Candidates’ take on future of financial aid

Diego Saldaña/ Staff Writer

Presidential Candidate Mitt Romney and President Barack Obama have different takes on the topic of higher education, specifically on the issue of financial aid.

Romney’s education plan calls for the Pell Grant to allocate funds to the students who need it the most. Paul Ryan, Romney’s running mate, calls for $115 billion to be cut from the Department of Education which, in turn, would cost millions of students their Pell Grants.

Ryan’s plan would not be in effect until after next year and would not reduce the amount for those students who need it the most.

According to the White House website, the president has raised the amount for the federal Pell Grant for 2013- 2014 aid year to $5,635. The website also says the number of Pell Grant recipients has increased by 50 percent since 2008.

In contrast, Romney’s running mate, Paul Ryan, would reduce funding for Pell grants in his budget, increase eligibility requirements and freeze the maximum grant at $5,550.

With over 21,000 undergraduates at the University receiving Pell Grants, Financial Aid Director Francisco Valines noted that the issue of financial aid is an important one for students in this upcoming election.

“I would not be able to be here; it’s essential,” said Kieron Williams, a junior English major, when asked if Pell Grants and student loans were vital for him to attend the University.

A similar response was given by Diego Posada, a freshman criminal justice major, who said the aid was important “because otherwise, I wouldn’t be able to afford college.”

In regards to student loans, the president has urged Congress to keep interest rates low for the millions of students who use federal subsidized loans, according to the White House website. Also, Stafford loans remained at 3.4 percent this past summer, instead of doubling.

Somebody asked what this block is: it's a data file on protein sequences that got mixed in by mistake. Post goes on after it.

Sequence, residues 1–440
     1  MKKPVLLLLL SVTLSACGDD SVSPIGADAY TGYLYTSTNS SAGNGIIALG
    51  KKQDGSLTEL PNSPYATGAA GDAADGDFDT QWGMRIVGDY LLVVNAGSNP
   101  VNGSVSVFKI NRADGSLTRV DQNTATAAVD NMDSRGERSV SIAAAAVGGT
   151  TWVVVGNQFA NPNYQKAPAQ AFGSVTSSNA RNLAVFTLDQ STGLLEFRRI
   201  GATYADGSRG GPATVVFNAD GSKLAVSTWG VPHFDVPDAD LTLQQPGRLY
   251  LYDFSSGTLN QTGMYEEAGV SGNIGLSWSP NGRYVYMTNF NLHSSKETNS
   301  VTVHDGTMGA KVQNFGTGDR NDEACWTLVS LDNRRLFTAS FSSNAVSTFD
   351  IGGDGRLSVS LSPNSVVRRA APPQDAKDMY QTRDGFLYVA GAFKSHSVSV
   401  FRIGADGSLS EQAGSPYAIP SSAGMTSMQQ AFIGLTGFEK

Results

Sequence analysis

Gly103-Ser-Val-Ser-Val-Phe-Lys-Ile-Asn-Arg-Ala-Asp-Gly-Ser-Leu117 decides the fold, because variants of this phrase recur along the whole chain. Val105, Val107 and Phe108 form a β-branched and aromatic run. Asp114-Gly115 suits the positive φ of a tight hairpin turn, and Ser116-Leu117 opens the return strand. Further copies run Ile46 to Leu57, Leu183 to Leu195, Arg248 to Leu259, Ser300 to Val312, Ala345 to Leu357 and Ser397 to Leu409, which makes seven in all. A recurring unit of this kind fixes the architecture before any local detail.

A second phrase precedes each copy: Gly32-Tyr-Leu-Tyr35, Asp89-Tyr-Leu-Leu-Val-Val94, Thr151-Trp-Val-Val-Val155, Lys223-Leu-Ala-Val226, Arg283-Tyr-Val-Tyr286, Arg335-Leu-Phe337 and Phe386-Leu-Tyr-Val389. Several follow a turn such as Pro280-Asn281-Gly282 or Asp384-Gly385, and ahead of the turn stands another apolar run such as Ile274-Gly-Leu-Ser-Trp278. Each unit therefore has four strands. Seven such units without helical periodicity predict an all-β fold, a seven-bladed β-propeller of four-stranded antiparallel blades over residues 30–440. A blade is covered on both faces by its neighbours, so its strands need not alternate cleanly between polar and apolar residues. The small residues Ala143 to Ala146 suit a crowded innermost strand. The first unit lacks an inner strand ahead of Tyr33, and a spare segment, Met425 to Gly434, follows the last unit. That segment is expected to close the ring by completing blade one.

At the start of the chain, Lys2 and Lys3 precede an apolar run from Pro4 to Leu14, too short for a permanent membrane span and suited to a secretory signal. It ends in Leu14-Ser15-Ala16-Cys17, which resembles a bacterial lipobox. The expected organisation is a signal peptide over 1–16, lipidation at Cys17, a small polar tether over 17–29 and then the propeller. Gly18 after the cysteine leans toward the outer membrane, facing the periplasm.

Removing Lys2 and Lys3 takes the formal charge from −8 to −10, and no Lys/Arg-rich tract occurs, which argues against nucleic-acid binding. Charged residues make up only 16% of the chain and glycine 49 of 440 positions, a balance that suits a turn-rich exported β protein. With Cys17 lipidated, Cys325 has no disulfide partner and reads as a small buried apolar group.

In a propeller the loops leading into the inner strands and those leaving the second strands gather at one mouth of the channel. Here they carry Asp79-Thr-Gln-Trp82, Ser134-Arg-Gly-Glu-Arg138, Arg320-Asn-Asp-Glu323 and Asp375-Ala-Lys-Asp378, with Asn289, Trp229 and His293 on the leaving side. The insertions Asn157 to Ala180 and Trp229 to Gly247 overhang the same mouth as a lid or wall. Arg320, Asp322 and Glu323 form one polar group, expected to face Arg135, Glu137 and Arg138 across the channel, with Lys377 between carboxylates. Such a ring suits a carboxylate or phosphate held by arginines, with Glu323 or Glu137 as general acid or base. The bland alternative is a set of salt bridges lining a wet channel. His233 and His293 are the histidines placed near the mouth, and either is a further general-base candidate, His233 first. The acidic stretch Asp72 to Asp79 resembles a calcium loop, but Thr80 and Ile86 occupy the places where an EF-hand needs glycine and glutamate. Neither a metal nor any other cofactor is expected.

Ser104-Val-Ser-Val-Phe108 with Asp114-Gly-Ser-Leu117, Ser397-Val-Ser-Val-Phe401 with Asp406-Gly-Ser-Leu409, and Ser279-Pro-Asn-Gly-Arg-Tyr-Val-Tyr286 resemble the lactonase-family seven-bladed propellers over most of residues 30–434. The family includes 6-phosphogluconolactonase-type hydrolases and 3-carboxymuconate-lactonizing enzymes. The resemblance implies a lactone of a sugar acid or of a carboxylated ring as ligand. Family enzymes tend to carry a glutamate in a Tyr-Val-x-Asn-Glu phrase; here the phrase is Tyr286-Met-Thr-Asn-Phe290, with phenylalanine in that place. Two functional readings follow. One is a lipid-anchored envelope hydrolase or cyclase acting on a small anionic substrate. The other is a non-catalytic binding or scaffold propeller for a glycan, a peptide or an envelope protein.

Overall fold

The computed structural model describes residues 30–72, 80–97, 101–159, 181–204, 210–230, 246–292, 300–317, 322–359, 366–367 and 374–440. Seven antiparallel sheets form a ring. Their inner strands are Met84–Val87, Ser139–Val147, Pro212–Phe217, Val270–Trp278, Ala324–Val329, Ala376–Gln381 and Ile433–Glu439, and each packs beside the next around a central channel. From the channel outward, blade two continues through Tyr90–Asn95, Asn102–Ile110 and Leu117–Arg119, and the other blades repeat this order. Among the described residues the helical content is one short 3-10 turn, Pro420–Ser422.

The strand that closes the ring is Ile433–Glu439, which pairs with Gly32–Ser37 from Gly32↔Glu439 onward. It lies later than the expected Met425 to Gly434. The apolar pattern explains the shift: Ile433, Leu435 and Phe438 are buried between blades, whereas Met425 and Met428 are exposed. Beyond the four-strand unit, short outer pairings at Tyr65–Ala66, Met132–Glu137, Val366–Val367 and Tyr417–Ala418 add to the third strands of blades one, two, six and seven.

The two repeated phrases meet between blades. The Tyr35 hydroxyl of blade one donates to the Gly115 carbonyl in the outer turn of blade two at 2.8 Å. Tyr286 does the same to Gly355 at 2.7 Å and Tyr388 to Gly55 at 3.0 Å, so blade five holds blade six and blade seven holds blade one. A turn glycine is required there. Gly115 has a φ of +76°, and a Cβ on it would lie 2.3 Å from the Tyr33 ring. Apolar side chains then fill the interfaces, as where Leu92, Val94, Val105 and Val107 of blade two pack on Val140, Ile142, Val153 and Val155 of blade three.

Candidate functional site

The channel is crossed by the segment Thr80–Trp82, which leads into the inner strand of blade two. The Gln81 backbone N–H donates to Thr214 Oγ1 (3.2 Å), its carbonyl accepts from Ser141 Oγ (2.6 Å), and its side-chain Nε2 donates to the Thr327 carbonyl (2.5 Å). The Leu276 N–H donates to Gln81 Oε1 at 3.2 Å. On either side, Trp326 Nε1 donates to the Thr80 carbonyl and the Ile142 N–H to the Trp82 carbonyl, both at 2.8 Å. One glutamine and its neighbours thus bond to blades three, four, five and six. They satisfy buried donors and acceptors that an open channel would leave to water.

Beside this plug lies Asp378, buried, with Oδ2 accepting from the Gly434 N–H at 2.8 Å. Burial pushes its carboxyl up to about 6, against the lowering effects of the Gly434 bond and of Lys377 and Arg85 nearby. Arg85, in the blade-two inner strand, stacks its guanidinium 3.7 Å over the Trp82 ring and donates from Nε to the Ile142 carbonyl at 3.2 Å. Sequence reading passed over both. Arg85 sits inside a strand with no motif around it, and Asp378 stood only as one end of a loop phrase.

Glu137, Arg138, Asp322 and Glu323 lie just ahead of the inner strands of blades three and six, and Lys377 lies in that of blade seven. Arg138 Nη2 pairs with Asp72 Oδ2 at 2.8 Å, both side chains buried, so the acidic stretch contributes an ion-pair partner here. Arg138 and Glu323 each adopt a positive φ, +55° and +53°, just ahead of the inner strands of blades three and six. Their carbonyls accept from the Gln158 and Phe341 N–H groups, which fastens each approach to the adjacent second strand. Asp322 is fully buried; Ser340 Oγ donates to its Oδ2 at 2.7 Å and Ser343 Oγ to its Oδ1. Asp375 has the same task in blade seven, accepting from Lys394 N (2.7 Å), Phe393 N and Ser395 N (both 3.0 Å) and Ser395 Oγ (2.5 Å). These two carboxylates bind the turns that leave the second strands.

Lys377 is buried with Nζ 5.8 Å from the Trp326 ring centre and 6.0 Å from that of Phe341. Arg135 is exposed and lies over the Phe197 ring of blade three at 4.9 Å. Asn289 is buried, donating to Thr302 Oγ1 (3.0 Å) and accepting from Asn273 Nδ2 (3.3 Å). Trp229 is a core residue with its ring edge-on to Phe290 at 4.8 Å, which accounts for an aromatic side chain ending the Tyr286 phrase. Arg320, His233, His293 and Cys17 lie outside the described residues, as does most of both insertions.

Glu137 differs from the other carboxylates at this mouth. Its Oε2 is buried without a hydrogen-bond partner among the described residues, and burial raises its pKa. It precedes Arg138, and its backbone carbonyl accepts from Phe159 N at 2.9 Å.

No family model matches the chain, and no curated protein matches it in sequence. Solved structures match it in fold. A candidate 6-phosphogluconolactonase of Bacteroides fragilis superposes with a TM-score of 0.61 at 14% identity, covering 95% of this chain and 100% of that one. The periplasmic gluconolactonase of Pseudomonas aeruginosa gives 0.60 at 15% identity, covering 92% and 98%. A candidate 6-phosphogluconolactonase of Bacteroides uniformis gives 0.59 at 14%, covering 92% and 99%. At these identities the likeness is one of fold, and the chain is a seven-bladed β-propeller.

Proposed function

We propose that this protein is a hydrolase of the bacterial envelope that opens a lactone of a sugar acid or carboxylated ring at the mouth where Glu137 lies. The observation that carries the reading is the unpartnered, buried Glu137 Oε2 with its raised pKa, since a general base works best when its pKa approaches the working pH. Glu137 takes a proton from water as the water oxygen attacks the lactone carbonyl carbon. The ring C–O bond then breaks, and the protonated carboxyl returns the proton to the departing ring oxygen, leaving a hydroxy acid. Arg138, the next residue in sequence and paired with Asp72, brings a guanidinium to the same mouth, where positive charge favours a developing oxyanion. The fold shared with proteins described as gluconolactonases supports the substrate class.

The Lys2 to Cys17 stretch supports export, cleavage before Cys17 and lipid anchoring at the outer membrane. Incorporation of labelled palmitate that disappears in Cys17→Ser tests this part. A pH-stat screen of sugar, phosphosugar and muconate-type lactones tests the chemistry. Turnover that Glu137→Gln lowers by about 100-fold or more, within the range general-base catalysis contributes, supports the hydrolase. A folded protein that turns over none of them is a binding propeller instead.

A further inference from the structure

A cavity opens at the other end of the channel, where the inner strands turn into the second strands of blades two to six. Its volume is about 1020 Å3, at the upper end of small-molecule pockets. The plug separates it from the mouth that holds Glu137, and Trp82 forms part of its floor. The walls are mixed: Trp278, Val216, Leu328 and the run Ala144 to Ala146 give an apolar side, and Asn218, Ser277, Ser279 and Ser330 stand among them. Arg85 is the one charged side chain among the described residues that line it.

Romney’s education plans disapprove of Obama’s nationalization of the student loan market and encourages private sector involvement. His plan also does not support forgiving student loans if a student claims he or she cannot repay them.

“[Raising interest rates] would affect me tremendously,” said Natasha Chirinos, a sophomore health services major. “I assume that it will put me in a lot of debt once I finish my degree here in FIU. I don’t consider that to be a good thing at all.”

When asked if they knew that either president would want to cut federal funding for either the Pell grant or loans and if it would sway their vote, all the students interviewed by Student Media responded that it would.

Posada said he would be voting for Obama because “… his agenda is to provide more funding for grants.”

“I feel like there should be more private investors in federal aid,” Williams said. “I also think there should be more eligibility…. We should make it more available as long as it doesn’t create a bigger deficit.”

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